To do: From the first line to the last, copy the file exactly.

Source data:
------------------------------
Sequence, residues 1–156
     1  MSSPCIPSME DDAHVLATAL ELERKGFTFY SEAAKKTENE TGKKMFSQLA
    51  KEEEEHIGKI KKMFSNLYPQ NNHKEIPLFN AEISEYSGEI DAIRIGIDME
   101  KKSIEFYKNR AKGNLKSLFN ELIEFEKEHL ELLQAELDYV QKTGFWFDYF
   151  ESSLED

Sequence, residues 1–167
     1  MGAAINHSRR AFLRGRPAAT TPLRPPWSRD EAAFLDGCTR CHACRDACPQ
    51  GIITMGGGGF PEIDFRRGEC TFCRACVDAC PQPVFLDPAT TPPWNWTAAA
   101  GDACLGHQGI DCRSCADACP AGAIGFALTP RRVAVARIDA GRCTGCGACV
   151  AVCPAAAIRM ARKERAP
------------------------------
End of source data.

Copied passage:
Sequence, residues 1–156
     1  MSSPCIPSME DDAHVLATAL ELERKGFTFY SEAAKKTENE TGKKMFSQLA
    51  KEEEEHIGKI KKMFSNLYPQ NNHKEIPLFN AEISEYSGEI DAIRIGIDME
   101  KKSIEFYKNR AKGNLKSLFN ELIEFEKEHL ELLQAELDYV QKTGFWFDYF
   151  ESSLED

Sequence, residues 1–167
     1  MGAAINHSRR AFLRGRPAAT TPLRPPWSRD EAAFLDGCTR CHACRDACPQ
    51  GIITMGGGGF PEIDFRRGEC TFCRACVDAC PQPVFLDPAT TPPWNWTAAA
   101  GDACLGHQGI DCRSCADACP AGAIGFALTP RRVAVARIDA GRCTGCGACV
   151  AVCPAAAIRM ARKERAP